محرکان و نتایج همگون سازی سیستم های اطلاعات سازمانی باز و استاندارد در زنجیره های تامین با فن آوری پیشرفته
|کد مقاله||سال انتشار||مقاله انگلیسی||ترجمه فارسی||تعداد کلمات|
|20312||2013||15 صفحه PDF||سفارش دهید||12300 کلمه|
Publisher : Elsevier - Science Direct (الزویر - ساینس دایرکت)
Journal : Journal of Operations Management, Volume 31, Issue 6, September 2013, Pages 330–344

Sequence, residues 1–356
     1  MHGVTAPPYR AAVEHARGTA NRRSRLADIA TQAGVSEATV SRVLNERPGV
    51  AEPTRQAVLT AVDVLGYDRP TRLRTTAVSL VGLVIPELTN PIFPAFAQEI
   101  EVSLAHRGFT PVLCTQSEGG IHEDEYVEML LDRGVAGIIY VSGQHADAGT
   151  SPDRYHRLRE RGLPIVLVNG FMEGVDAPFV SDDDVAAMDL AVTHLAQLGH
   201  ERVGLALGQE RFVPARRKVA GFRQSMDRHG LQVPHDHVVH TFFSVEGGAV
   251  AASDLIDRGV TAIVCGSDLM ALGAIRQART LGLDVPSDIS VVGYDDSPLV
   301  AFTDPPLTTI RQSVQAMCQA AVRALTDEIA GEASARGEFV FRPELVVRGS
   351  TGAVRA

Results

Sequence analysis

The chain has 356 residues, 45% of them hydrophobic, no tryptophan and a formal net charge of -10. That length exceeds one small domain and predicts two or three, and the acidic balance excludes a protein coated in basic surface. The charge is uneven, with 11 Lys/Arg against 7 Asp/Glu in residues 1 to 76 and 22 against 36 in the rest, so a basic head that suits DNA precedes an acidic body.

In recent years, firms in high-technology supply chains have established internet-based electronic linkages with their trading partners. As a result, they have improved their ability to coordinate and synchronize shared business processes by using more complete, accurate, and timely information. These electronic linkages are based on open-standard interorganizational information systems (OSIOS), which are fundamentally different from traditional electronic data interchanges. OSIOS capture not only the technical specifications for data interchange but also the sequential steps for the execution of shared business processes. Because OSIOS are still at an early diffusion stage, it remains unclear why firms would assimilate such an innovation and whether assimilation provides firms any benefits. In this research, we develop a framework grounded on the economics of standards, institutional theory, and strategic interorganizational information systems literatures to investigate the drivers and outcomes of OSIOS assimilation in a focused context. In order to test our hypotheses based on this framework, we used data from a high-technology supply chain and employed econometrics techniques. We found that both competition asymmetry across supply chain echelons and OSIOS assimilation within supply chain echelons predict individual firms’ OSIOS assimilation. The results also suggest that firms’ supply chain dominance is both a driver and an outcome of OSIOS assimilation, highlighting a mutually reinforcing process. In addition, our study reveals boundary conditions of the hypothesized relationships. The use of multiple theoretical perspectives, a unique dataset, and innovative statistical techniques to investigate OSIOS assimilation in high-technology supply chains contributes to the body of knowledge in both the supply chain management and management of information systems disciplines.